Lord of the flies

Devotional thoughts for July 2021

(Click here to read Monday Musings ... where I discuss the thinking that led to this article.)

Then the Lord said to Moses … confront Pharaoh as he goes to the river and say to him… “Let my people go, so that they may worship me. If you do not let my people go, I will send swarms of flies on you… [but] I will deal differently with the land of Goshen, where my people live; no swarms of flies will be there, so that you will know that I, the Lord, am in this land. I will make a distinction between my people and your people.” (Exodus 8:20–23, NIV)

I began my working life in the 60s. Those were different times... and to say they were “less sensitive” times would be an understatement. Being berated for mistakes or underperformance was expected — and on a bad day, members of the crew might threaten to beat you! But I find one of those day’s classic insults useful in apologetics, so I’ll share it with you (… and the snowflakes among you might want to divert your eyes until this sentence is over). “You aren’t a total loss. We can always use you as a bad example!”

Today, Pharaoh is our bad example. I mean, who did Pharaoh think he was! Did he believe his own press? His people believed he was a god... or at least, that was the party line. But here’s the thing about being human: we know that we aren’t gods... and we know it with every breath. So, why did he take on Yahweh… a God who — by the time this plague of flies came around — was looking like the One True God?

What made this plague a miracle and not just a plague was where the flies swarmed — and where they didn’t swarm. They didn’t swarm where the Jews lived. That’s the miracle. God said he wanted to show a difference between the world’s people and his people... and although it’s not reported specifically in the narrative, I’m sure the Egyptians found out that there were no flies in Goshen. Considering the purpose of this miracle, that would be a big part of it.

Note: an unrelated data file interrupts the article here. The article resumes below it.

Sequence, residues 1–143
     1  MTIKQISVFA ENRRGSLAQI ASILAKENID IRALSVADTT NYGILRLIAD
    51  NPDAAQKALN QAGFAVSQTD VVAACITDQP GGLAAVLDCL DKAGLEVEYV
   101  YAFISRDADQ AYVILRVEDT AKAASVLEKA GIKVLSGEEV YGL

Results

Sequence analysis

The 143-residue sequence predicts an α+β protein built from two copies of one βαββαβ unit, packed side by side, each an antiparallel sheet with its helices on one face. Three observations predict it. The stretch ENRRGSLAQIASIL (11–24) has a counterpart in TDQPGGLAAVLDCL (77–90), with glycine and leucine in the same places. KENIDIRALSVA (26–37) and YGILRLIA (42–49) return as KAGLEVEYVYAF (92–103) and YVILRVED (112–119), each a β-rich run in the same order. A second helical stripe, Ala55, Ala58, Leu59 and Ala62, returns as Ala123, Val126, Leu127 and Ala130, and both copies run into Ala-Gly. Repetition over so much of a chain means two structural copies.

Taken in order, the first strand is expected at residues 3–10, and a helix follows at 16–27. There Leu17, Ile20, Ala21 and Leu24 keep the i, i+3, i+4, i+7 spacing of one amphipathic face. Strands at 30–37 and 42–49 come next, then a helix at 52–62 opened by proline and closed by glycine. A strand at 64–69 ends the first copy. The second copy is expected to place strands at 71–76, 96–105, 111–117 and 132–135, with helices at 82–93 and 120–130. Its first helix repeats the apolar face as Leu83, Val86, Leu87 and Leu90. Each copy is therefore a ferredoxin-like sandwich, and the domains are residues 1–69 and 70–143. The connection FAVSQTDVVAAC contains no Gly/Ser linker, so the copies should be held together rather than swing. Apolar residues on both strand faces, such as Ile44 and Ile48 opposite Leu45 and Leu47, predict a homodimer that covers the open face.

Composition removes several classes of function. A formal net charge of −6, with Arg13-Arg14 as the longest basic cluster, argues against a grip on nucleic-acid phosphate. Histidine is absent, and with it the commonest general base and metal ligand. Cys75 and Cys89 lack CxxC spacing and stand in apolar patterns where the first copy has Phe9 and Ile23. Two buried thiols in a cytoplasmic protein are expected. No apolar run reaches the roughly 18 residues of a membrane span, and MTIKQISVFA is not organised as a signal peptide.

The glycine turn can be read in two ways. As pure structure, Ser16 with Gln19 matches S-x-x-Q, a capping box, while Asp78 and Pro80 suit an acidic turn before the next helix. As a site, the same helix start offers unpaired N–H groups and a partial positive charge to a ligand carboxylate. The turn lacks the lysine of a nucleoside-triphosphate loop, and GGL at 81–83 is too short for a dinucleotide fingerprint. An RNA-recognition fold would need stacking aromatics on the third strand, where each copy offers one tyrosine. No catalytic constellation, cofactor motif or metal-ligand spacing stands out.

But Pharaoh wasn’t done showing his mortality. He tried to nickel and dime God. God wanted his people a three-day journey out of Egypt, Pharaoh tried to bargain with God like God was a vendor at a bizarre. He would let them go one day’s journey and not three. Pharoah agreed — then reneged. So God slapped him, and he had to go to Moses and bargain for relief.

In Pharaoh’s defense, this would be an appropriate tactic for the kind of god he was used to dealing with… the gods of the land — and himself! These were no gods at all, of course, but even their legends showed them to be petty, and their history showed them to be impotent.

This was not true of our God, though — and that was the point. Just as there was a difference between Moses’ God and the other gods, so would there be a difference between the Jews and other people. This is a theme with God. He calls us Christians to be distinct from the world, too. It’s a “God’s people” thing, not a Jewish thing (2 Corinthians 6:14-18).


(Mainsail Ministries articles often have a preamble where I discuss the thinking that went into them. These are called Monday Musings — and if you haven’t read the one associated with this article — consider doing so at the following link: 20210628 Lord of the flies ).

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